In search of a new Oregon flag

Flag-wavers in Oregon share an unusual distinction with Moldova and Paraguay, but the state's largest newspaper wants to change all that. The result is an identity crisis.
Flag-wavers in Oregon share an unusual distinction with Moldova and Paraguay, but the state's largest newspaper wants to change all that. The result is an identity crisis.

Oregon's official state flag features the state seal on one side and — here's the distinction — on the reverse side is a picture of a beaver, the state's official animal. Only Moldova and Paraguay share Oregon's style of two different sides to the official flag. Obviously, this is not an honor to take lightly, or to abandon without study.

Moldova's flag features an official shield with a stern eagle clutching a cross in its beak, and what appears to be a bull surrounded by bric-a-brac. The reverse is simply stripes of red, yellow, and blue. Paraguay features a lion with a red tongue guarding a Phrygian cap, and the slogan "paz y justica," which, given Paraguay's history, might seem ironic. The reverse is a seal with wreaths and a star. Oregon's simple beaver is quite modest in comparison, but the state seal that occupies the other side is crammed with significant emblems, ranging from a covered wagon to a British warship and a plenitude of pickaxes, plows and shocks of wheat. No symbol is left unturned, but bring your reading glasses to identify them.

Into this picture comes The Oregonian, the state's largest newspaper and oldest surviving daily, with a contest to design a new state flag, the winning design to be presented to the Oregon Legislature for Oregon's 150th birthday in 2009.

Entrants were required to do a single design for both sides; in theory this cuts costs because a two-sided flag should be more expensive than a one-sided one. "Why not have a flag design that sets us apart?" suggests The Oregonian. Apart, apparently, from Paraguay and Moldova, at least.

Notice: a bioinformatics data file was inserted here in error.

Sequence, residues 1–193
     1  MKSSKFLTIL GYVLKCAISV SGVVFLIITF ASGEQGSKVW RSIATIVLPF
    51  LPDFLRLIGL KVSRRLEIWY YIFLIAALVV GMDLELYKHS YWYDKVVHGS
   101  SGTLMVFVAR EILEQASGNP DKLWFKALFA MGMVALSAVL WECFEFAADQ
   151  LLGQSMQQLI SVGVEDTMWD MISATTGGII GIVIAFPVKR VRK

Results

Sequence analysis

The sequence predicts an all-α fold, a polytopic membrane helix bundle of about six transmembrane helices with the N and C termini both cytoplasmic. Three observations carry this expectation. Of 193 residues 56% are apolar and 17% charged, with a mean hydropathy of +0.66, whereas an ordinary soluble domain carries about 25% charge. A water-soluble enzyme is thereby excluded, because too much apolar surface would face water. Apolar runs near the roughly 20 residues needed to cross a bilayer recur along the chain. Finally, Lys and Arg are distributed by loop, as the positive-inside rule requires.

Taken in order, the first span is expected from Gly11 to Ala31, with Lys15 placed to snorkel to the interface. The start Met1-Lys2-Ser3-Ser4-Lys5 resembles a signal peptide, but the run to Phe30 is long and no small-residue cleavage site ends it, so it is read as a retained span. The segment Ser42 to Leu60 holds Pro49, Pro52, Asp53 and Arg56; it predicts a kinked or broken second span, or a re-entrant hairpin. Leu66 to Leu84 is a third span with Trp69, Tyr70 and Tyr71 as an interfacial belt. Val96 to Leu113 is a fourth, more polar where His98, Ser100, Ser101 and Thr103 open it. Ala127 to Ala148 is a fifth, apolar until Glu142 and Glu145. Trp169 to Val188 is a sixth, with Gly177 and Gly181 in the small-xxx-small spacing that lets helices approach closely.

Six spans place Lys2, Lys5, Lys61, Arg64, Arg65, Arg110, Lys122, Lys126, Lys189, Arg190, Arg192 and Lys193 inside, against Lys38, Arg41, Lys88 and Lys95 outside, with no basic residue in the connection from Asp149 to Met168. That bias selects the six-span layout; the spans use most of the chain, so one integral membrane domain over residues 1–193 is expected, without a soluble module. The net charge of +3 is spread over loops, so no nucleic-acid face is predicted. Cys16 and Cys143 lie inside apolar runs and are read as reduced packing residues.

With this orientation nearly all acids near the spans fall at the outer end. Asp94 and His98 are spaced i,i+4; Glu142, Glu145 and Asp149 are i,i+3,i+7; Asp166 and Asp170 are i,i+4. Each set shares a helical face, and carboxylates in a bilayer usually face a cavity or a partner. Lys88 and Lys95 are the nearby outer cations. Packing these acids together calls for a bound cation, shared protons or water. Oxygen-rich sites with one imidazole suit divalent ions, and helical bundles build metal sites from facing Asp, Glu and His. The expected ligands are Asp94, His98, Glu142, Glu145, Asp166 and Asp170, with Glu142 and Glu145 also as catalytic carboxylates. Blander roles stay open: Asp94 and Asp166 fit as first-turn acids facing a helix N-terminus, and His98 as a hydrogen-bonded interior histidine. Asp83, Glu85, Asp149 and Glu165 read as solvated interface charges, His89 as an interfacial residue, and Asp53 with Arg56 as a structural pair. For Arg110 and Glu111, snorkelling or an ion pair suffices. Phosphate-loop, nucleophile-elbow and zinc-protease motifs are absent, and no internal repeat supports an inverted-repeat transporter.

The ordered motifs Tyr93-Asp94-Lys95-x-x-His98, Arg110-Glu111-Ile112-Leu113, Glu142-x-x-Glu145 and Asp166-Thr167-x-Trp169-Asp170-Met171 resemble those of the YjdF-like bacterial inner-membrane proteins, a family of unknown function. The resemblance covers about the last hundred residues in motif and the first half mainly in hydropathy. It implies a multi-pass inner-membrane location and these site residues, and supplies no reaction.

The newspaper narrowed "a couple thousand" entries to ten, which it displays online and invites readers to cast votes. The poll was announced Dec. 11, and within four days attracted some 3,500 votes and a lot of hostile comments by readers, most of whom simply wanted well enough let alone or took the occasion to blast Portland liberals for any number of sins. Still others thought the choices were dumb — too modern, too abstract, too childish, too . . . well, you get the point.

There were enough "leave it alone" responses that The Oregonian added an eleventh option: keep the old Flag.

In the early results (before "no change" was offered), the leader was Entry G, submitted by Randall Gray, a mapmaker for Clackamas County. It features-get this-a beaver! Along with a gold star on a blue background, with green stripes. It's a nice beaver, but I don't get the significance of the star. In any event, Gray got 23 percent of the early votes.

But when the "no change" option was added, despite its late entry, after ten days of voting "no change" had taken the lead with 19 percent. Gray's beaver dropped to 18 percent. Voters have until Jan. 22 to rally around the beaver, or other choices. You can follow the results online.

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About the Authors & Contributors

Floyd McKay

Floyd McKay

Floyd J. McKay, professor of journalism emeritus at Western Washington University, was a print and broadcast journalist in Oregon for three decades.